Totally recommend that one reads “The Starfish and the Spider” by Ori Brafman and Rod A. Beckstrom, on understanding and creating organisations like, skype, ebay to just name a few, which tap into the power of a decentralised structure.

Trending

116
adamgrant's picture

Most Personality Quizzes Are Junk Science. I Found One That Isn’t.

Most Personality Quizzes Are Junk Science. I Found One That Isn't."The MBTI is astrology for nerds." Say it with me again: personality types are a myth, traits are on a continuum, and the major dimensions include extravert-introvert, agreeable-
152
changethis's picture

What If Sellers Behaved as Leaders?

“It is time we start making a shift. Research shows you can make more sales by abandoning sales-y behaviors buyers resist and replacing them with leadership behaviors buyers desire. Sellers do extraordinary things when they stop pushing people to
211
adamgrant's picture

Is Curiosity As Good at Predicting Children’s Reading, Math Success as Self-Control? Study Says Yes

The joy of discovery matters as much as self-control, and matters even more for low-income children. We need to encourage kids to ask novel questions, not just give familiar answers.Ever since the landmark "marshmallow test" highlighted the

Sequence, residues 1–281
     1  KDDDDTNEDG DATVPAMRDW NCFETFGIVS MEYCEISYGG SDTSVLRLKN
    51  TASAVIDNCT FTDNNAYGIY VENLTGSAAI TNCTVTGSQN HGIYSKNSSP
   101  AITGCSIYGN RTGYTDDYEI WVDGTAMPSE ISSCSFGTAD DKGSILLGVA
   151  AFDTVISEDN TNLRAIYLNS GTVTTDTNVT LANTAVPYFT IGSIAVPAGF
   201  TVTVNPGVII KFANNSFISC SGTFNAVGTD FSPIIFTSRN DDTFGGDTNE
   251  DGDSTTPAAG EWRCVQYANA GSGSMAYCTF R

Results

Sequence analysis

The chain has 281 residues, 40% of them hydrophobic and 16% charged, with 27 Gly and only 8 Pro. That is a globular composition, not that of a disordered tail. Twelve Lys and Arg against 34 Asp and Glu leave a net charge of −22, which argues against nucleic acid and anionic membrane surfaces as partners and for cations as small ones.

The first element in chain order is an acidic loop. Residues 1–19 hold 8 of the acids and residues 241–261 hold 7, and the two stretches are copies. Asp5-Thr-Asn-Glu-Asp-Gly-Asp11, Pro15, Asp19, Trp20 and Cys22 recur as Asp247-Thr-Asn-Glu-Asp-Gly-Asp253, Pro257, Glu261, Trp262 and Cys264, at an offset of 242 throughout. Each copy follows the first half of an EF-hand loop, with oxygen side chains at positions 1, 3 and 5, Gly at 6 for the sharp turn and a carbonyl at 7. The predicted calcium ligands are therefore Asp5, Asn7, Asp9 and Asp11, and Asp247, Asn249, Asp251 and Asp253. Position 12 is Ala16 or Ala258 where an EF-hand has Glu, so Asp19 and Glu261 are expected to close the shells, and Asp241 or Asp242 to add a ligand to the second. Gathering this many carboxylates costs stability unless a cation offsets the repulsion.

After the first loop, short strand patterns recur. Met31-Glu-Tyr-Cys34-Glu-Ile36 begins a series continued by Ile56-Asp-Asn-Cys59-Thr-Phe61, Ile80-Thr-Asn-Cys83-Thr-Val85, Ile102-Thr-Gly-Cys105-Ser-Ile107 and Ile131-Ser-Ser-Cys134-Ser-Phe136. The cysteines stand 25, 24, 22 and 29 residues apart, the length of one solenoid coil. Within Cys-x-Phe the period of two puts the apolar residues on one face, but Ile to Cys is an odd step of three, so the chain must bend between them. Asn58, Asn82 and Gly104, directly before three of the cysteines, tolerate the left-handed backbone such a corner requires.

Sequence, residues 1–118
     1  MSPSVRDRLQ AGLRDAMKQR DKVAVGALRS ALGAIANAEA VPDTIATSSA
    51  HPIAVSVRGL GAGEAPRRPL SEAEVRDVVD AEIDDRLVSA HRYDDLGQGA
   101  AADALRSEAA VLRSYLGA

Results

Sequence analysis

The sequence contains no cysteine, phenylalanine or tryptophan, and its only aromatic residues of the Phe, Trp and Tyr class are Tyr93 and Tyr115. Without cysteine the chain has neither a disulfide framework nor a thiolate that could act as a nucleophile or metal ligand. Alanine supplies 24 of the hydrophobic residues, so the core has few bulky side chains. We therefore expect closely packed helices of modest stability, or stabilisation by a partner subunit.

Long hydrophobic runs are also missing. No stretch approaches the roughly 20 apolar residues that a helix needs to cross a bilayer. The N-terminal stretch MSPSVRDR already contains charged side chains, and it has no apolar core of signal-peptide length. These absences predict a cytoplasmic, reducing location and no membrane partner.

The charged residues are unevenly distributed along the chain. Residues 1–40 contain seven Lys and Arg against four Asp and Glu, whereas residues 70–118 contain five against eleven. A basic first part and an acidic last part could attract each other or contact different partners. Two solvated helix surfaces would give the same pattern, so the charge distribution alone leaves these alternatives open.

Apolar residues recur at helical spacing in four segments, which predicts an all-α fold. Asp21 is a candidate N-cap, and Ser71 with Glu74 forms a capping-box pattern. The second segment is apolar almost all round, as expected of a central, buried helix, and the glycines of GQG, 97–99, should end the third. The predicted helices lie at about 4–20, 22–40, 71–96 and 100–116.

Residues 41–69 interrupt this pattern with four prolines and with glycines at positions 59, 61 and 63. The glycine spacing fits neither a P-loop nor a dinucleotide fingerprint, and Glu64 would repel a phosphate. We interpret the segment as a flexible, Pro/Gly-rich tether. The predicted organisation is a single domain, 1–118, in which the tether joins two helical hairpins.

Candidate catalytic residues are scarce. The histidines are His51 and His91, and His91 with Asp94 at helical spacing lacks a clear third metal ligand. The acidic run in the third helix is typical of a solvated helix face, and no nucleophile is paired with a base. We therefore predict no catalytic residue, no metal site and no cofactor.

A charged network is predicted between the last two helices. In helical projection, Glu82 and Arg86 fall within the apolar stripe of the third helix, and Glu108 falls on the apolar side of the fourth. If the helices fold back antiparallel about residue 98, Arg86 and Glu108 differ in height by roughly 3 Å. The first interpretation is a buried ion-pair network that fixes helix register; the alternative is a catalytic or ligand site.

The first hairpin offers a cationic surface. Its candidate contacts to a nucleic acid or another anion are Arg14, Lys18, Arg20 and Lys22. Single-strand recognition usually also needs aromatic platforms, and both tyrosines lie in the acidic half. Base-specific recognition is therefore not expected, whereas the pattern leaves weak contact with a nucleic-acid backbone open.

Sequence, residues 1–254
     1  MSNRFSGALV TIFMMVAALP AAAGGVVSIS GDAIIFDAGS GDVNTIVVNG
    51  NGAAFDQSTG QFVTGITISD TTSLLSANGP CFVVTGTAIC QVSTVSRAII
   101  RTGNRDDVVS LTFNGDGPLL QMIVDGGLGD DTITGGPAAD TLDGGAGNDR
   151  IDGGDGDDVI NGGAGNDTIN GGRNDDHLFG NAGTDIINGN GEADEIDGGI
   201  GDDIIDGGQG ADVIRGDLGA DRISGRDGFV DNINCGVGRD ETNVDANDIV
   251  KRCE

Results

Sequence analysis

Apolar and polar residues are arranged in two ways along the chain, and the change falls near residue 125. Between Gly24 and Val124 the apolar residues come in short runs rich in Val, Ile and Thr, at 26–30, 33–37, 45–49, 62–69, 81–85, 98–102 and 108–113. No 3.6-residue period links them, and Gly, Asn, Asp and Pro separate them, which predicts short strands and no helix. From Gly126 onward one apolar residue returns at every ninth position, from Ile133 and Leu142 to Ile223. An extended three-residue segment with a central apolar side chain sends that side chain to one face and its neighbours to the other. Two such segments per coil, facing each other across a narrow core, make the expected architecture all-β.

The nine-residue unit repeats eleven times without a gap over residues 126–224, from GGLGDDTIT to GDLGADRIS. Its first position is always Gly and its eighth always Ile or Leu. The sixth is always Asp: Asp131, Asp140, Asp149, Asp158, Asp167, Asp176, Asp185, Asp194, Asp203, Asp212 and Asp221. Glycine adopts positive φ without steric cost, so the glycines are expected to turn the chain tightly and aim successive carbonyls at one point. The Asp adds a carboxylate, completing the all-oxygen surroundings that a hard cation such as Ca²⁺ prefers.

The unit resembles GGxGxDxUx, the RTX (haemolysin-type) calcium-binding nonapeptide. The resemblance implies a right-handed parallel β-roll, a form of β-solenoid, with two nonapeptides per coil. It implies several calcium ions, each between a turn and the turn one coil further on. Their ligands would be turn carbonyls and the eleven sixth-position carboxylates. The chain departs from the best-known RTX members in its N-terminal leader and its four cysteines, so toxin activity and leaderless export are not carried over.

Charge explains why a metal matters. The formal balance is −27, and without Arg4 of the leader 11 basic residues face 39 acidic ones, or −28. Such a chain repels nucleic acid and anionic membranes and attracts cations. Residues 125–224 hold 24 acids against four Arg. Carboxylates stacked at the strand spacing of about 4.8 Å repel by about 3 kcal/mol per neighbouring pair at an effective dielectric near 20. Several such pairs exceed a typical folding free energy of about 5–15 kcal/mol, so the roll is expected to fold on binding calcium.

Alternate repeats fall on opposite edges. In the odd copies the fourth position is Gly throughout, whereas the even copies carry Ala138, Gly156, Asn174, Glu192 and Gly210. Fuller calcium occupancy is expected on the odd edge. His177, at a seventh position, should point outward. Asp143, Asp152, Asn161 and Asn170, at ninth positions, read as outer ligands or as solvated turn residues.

175
danielhpink's picture

PINKCAST: This is when to quit your job

Should you stay or should you go? After a few years at the same job, many of us begin asking that question.In the latest Pinkcast, former Wall Street analyst and venture capitalist Whitney Johnson offers the answer. You can watch the 136-second
184
changethis's picture

The Speed Trap: When Taking Your Time (Really) Matters

“Speed-for-speed’s-sake is about the most counterproductive* approach imaginable. (*I use counterproductive because it’s impolite to use “stupid”—which is what I really believe.)While we must indeed evolve and experiment rapidly, the process of
272
adamgrant's picture

How to Pick a Career (That Actually Fits You)

This is a post about something I’ve been wanting to write about forever: careers. Society tells us a lot of things about what we should want in a career and what the possibilities are—which is weird because I’m pretty sure society knows very little
211
danielhpink's picture

WHAT TO LISTEN TO: Some audiobooks are more equal than others

“Mr. Jones, of the Manor Farm, had locked the hen-houses for the night, but was too drunk to remember to shut the popholes.”So begins Animal Farm, George Orwell’s classic novella. I’ve read Animal Farm many times. But now, for the first time, I’m
210
changethis's picture

Beyond Business Results: Achieving Sustainable Success

“For most of my career, I focused on my next professional opportunity rather than on my present situation. I was committed to serving patients and to helping my company meet its goals; I was always looking down the line to what was coming next. What
229
danielhpink's picture

WHAT TO WATCH: The Happiest Guy in the World

Two decades ago, Mario Salcedo retired from his job and went on a cruise. He never came back. Mario wasn’t lost at sea. For more than 20 years, he's been a permanent resident on Royal Caribbean Cruises. You read that right. “Super Mario” has